Court of Appeal rejects appeal by council over ruling reuniting mother and child in different residential unit – Local Government Lawyer

‘A local authority has failed in an appeal over a judge’s decision that a mother and child should be reunited in a different residential unit.’

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Local Government Lawyer, 28th February 2020

Source: www.localgovernmentlawyer.co.uk

Appellant fails in challenge to closure order barring him from accessing his flat – Local Government Lawyer

Posted February 26th, 2020 in appeals, drug offences, drug trafficking, housing, local government, news by sally

‘An appellant has lost his appeal over a closure order under the Anti-social Behaviour, Crime and Policing Act 2014 that meant he was barred from accessing his flat.’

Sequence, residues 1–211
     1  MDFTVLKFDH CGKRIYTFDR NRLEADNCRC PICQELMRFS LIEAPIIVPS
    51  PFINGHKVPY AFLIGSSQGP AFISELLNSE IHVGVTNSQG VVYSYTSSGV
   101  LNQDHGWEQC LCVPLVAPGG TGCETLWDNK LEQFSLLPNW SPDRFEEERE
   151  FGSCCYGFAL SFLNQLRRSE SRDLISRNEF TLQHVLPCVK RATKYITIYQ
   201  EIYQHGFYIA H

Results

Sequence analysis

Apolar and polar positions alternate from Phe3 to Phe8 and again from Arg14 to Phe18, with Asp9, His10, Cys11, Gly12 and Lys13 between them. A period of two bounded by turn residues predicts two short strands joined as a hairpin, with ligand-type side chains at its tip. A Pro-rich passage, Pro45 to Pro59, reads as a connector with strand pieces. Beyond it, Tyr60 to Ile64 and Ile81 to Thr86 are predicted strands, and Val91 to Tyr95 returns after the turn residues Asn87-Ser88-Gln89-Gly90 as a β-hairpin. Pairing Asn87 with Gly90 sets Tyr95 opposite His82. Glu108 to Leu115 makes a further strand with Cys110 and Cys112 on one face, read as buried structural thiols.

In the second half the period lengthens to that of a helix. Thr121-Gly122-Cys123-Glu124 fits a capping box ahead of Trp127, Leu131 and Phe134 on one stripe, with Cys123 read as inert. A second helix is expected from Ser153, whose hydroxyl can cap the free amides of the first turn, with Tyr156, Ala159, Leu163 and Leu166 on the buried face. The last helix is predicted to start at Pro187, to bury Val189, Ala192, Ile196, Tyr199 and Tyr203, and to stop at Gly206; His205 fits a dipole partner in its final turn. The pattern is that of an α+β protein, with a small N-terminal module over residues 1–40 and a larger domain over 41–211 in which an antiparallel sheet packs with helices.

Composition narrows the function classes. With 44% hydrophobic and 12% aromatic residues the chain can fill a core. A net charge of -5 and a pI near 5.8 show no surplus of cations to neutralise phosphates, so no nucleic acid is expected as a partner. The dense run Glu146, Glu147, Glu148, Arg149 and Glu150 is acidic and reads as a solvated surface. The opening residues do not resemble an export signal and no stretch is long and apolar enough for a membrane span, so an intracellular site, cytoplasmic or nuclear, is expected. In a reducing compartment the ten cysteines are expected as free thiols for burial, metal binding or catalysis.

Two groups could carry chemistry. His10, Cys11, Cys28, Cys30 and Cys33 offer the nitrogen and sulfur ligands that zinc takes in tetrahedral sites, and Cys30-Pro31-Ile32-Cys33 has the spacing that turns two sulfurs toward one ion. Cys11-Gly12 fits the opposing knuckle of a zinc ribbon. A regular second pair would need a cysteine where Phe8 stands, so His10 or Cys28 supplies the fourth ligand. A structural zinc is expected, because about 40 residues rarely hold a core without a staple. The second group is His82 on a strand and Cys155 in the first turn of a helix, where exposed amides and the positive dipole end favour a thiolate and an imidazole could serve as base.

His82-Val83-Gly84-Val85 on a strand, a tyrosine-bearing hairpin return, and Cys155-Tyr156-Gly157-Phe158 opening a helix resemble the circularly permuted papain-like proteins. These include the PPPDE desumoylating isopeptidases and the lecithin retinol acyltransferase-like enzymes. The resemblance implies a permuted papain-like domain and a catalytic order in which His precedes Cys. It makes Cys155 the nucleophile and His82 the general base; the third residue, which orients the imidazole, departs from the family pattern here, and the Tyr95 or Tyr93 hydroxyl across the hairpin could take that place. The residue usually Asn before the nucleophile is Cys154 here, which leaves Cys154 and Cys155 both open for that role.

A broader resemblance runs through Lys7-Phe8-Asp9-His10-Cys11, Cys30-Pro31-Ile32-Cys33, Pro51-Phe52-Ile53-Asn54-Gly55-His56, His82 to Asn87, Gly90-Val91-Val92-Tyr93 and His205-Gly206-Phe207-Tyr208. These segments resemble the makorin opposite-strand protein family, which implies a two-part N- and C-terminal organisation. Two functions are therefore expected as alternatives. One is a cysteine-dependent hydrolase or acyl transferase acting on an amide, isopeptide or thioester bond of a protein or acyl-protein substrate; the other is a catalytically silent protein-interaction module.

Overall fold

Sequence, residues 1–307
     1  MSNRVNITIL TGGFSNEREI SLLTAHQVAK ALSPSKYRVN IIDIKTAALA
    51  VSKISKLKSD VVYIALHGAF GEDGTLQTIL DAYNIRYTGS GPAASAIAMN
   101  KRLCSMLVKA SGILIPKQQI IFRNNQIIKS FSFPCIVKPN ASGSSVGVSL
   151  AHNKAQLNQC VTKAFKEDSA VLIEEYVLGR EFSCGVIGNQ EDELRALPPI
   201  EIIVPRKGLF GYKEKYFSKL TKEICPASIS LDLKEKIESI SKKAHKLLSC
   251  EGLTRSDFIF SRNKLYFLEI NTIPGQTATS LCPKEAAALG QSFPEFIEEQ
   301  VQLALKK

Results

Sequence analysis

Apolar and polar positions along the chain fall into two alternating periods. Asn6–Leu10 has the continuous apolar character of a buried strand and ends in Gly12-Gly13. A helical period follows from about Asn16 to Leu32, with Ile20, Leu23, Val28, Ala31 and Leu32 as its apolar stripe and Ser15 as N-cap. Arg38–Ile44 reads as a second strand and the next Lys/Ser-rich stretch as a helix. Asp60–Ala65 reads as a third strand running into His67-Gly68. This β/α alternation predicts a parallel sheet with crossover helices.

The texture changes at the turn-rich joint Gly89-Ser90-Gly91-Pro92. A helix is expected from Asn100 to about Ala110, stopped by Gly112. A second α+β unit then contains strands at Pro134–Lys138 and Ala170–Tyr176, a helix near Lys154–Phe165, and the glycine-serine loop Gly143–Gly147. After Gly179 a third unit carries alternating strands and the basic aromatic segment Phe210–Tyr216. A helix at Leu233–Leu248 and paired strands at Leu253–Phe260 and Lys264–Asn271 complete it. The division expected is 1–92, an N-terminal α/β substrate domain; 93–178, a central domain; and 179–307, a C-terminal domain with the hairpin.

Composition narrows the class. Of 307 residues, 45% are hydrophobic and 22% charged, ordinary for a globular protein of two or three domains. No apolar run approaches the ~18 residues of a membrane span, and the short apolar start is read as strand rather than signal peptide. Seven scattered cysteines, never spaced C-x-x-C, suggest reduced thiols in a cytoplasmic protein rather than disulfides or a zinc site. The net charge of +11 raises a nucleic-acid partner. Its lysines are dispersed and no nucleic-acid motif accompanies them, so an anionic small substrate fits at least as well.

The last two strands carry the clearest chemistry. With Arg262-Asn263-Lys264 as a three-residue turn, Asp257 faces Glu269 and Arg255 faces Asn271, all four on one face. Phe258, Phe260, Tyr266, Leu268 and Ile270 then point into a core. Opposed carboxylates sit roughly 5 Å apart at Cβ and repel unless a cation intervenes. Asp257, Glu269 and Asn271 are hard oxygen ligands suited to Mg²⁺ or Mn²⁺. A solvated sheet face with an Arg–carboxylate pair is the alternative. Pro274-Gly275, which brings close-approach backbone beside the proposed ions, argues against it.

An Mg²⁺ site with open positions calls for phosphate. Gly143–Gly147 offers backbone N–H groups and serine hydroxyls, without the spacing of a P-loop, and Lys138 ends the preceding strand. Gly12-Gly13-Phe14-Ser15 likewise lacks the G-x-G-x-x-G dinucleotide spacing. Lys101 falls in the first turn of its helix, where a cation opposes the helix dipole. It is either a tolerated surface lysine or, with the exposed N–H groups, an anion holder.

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Local Government Lawyer, 26th February 2020

Source: www.localgovernmentlawyer.co.uk

Claimant fails in judicial review challenge over Qualified One-Way Costs-Shifting and discrimination claims – Local Government Lawyer

‘A High Court judge has rejected a judicial review challenge over an asserted decision of the Lord Chancellor not to extend Qualified One-Way Costs-Shifting (QOCS) to discrimination claims in the County Court and/or the failure to extend QOCS to such claims.’

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Local Government Lawyer, 24th February 2020

Source: www.localgovernmentlawyer.co.uk

Call for English councils to be given powers to regulate Airbnb – The Guardian

Posted February 24th, 2020 in holidays, hotels, housing, landlord & tenant, local government, news by sally